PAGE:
Dusti Bongé small, jewel tone, watercolor

Color and personality have always attracted me in paintings. In this small watercolor from Dusti Bongé, we see plenty of both. Dusti Bongé Art Foundation Executive Director Ligia M. Römer takes the analysis from there.

Dusti Bongé, Untitled (Blue-Gray & Black Abstract w/ Green, Red and Yellow Square), 1985, watercolor on joss paper, 6 1/4” x 5 1/2”

Another gem from Dusti Bongé’s extensive series of joss papers. These small masterpieces with their rich colors and moments of gold or silver flickering through lend them a luminous quality. They have a light and warmth emanating from them.

This work from 1985 is a perfect example of that luminosity and light. In fact, in this particular piece, the gold acquires an almost jewel-like quality. Although the predominant colors in this painting are actually blue-gray, black and some white, the quick accents of translucent green and red watercolor against the gold foil square intensify its presence and brighten the whole.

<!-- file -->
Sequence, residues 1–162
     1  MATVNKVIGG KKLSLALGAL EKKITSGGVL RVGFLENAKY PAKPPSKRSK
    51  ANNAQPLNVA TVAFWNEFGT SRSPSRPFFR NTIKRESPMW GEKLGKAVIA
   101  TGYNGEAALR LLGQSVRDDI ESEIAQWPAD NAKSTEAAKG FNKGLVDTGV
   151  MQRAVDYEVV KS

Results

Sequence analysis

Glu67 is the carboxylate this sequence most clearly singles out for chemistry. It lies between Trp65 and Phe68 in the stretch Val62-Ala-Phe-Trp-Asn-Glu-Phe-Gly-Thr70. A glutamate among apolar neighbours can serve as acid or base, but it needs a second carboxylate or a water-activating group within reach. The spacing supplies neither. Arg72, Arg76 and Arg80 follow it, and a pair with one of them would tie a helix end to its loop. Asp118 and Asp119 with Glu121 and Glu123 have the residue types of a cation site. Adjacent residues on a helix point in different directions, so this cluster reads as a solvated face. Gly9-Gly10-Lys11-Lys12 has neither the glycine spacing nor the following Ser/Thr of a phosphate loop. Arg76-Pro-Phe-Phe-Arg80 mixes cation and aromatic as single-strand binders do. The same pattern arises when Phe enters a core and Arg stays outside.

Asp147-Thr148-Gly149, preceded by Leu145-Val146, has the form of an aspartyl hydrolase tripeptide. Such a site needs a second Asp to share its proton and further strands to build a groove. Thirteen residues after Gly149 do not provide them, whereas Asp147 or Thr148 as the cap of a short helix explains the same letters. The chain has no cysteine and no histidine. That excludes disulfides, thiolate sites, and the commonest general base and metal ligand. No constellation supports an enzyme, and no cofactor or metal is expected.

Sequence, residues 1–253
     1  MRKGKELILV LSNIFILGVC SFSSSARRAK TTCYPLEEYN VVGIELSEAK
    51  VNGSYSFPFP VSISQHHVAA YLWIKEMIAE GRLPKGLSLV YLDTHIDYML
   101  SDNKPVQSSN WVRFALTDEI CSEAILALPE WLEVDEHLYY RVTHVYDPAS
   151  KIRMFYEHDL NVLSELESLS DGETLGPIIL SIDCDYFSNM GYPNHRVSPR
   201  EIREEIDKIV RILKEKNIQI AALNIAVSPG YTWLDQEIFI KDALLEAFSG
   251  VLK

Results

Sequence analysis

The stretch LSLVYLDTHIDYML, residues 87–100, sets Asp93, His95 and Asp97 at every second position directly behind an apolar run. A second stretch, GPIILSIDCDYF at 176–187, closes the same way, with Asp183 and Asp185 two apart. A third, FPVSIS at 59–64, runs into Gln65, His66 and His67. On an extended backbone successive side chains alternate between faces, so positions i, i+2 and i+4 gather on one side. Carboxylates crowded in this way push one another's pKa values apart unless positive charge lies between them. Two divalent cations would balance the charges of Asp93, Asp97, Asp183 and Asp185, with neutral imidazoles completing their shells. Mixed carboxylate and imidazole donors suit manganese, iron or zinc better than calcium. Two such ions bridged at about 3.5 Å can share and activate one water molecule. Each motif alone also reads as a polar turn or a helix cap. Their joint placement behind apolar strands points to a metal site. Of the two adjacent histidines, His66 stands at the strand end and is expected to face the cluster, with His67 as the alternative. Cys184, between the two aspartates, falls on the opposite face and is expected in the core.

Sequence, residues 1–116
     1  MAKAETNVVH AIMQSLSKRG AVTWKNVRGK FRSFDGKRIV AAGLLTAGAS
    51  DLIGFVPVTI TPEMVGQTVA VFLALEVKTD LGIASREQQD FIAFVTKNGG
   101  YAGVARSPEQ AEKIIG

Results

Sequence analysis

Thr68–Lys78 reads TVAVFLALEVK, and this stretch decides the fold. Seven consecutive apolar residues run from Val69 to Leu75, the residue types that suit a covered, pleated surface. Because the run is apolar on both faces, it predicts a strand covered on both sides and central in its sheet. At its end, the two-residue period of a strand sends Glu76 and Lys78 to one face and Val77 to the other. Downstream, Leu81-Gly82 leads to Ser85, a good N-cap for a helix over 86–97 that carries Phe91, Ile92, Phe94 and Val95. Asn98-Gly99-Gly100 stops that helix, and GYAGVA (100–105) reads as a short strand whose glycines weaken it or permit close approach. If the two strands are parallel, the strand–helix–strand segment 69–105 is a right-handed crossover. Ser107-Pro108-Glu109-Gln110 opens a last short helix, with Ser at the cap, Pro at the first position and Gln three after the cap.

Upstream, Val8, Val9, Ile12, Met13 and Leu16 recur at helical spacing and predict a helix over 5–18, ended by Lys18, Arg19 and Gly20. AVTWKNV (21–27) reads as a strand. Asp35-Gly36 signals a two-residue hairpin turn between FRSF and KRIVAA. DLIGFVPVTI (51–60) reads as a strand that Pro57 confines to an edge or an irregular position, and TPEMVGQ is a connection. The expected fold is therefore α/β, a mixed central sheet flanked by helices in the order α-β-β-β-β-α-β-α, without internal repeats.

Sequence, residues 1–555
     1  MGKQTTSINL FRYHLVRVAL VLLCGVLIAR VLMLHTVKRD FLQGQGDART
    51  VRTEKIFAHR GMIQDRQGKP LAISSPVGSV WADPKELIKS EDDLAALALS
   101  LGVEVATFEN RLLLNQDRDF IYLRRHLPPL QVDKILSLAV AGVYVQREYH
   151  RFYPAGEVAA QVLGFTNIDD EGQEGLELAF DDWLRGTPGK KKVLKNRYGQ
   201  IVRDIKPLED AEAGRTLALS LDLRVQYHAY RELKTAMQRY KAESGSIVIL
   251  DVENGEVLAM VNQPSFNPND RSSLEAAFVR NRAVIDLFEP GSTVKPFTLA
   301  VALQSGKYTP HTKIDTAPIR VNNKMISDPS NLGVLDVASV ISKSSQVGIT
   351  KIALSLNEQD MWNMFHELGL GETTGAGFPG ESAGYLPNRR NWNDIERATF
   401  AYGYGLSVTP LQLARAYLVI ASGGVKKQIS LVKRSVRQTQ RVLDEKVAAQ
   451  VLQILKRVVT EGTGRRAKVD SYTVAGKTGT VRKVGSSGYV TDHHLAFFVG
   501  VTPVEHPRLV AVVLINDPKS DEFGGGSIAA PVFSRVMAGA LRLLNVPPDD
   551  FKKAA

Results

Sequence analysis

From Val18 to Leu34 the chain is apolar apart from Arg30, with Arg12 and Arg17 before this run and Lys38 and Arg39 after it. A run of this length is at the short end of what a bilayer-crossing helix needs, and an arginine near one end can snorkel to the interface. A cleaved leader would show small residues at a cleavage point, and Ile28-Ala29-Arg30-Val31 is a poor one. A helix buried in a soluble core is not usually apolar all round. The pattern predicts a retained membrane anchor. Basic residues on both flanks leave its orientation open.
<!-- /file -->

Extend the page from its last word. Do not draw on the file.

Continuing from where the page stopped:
Similarly, the dark linear accents on its sides and bottom, and the arched shape above, all make the gold stand out. A hint of the fiery red at the top of the arch suggests the luminous whole is about to flow off the edge.

All together this radiant central configuration stands out against the muted blue-gray wash. And yet, the three faint vertical black lines underneath anchor it into this background.

This work may well be a perfect example of how Dusti achieved the challenge “to make it seem as if I had placed that little square right there.”

The prepositioned gold element of course remains a focal point at the center of the paper, and yet, it does so without dictating any kind of static composition or symmetrical arrangement around it. Instead, its incandescence is both allowed to shine forth and to recede into the depths of the painting.  It’s as if the gold element is a beacon of light in a misty atmosphere.

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